Some responses (informed by the actual paper
The second DB doesn't have any of the the password hashes, it just knows which one is correct. It's a single table of (userid, hashid) where hashid is just some small integer.
The idea seems to be that the second system can be a smaller, less complicated single-function server, easier to harden and could be running a different OS/Webserver/DB stack. You could (by sacrificing real-time validation) even have the second system entirely firewalled off and unreachable to an attacker, just polling the login servers to validate the sessions at some small interval.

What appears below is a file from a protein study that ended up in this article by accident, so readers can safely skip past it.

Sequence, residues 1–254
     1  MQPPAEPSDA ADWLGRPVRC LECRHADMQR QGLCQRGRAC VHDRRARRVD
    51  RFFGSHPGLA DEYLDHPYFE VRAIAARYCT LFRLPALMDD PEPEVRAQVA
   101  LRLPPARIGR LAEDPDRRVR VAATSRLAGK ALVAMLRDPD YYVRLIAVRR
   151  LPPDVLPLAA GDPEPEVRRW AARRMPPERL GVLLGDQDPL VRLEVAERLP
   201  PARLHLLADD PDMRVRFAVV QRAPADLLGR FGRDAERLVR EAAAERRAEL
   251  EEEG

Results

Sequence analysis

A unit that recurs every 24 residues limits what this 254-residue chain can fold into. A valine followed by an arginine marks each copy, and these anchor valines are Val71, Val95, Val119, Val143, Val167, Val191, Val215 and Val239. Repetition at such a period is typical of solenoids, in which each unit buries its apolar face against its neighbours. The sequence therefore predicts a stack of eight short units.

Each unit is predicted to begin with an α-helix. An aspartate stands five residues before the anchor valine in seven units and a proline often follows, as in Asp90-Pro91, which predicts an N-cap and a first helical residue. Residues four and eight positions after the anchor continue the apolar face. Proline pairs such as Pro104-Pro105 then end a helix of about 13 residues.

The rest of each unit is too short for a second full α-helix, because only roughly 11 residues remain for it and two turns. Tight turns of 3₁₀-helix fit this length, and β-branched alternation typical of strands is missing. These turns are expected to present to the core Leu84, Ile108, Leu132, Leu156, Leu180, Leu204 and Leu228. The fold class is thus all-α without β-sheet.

If the second system goes down, one approach would be to just accept any of the passwords until it comes back up. Then check the logs of what happened while it was offline and act accordingly (invalidate sessions, raise alarms, whatever).
Overall, I like the idea tremendously. It seems like it's not quite
all there yet, but we're probably going to start implementing some variant of it immediately.